The Tara Brooch was discovered in 1850. Since then it has become a world-renowned icon of ancient Irish design.
The Tara Brooch was discovered in 1850, just North of Dublin near the seashore at Battystown, County Meath. The name is misleading, as the brooch was not found near the Hill of Tara. Stories describe how two sons from a peasant family found the Brooch in a tin box on the beach. However, some historians posit that such a small box could not possibly survive centuries of harsh waves, shifting sands and erosion.
Another version tells how the two boys found the brooch further inland. Fearing the landowner would claim it, the pair snuck the brooch home to their mother. She then took it to an iron dealer who was quick to tell her that it was of no use to him. She then presented it to a watchmaker hoping who, after cleaning and examining it, determined that the brooch was made of silver and gold filigree and bought it immediately for 18 pence. The watchmaker then sold it to Waterhouse Jewelers for a profitable 12 pounds. At the time, the owner George Waterhouse was producing jewelry inspired by Celtic styles. When the brooch fell into his possession, he saw a tremendous sales oppurtunity and renamed it the Tara Brooch.
Gaining Fame on the World Stage
For the next 22 years, the Tara Brooch was the centerpiece of Waterhouse’s display in the Dublin shop. Word spread quickly about the beautiful brooch and visitors came from all over to view it. Queen Victoria wished to see it and requested for it to be sent to Windsor Castle for her to inspect. It was later featured in the Great Exhibition in London and the Exposition Universelle in Paris. In 1853, it was displayed in an exhibition in Dublin, where the Queen came to look for a second time. It was later acquired by the Royal Irish Academy and remains on display in the National Museum of Ireland in Dublin.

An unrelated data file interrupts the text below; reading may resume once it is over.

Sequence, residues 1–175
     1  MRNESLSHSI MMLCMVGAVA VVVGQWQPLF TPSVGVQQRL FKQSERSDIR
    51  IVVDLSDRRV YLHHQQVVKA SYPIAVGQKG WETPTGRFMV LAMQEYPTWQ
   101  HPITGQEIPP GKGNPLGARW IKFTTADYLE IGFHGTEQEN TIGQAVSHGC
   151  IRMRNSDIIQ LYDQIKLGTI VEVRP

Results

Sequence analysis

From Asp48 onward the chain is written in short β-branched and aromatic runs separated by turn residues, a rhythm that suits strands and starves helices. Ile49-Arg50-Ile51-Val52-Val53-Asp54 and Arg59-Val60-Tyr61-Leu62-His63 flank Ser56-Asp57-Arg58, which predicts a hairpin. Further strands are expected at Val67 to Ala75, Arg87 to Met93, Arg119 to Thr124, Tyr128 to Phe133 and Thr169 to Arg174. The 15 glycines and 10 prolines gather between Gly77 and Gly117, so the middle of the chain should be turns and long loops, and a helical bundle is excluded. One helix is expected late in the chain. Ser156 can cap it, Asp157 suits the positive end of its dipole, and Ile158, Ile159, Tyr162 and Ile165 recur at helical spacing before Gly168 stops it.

Experts have dated the brooch back to 700 AD. Crafted from silver-gilt and gold filigree, the brooch also features some colored glass as well as small amounts of amber and copper. Both sides boast elaborate motifs which are separated by studs of glass, enamel and amber.
The intricate designs include Celtic knots, triskeles, animal and human heads and geometric shapes. More than 20 representations of dragons and serpents are found throughout. The pins head starts as a golden nugget and molds into a dragon’s head. Unfortunately, some of the gold panels were lost along the way. Each element is perfectly executed and the detailed technique is exquisite for such a small object.
The Tara Timeline
1850 Found in Ireland most likely near Bettystown, County Meath
1851 Featured in the Great Exhibition in London
1853 Displayed in an exhibition in Dublin, where Queen Victoria came for a viewing
1872 Acquired by the Royal Irish Academy, organization responsible for setting up the National Museum of Ireland
Browse Our Selection of Tara-Inspired Brooches
Header image courtesy of maryannadair.com.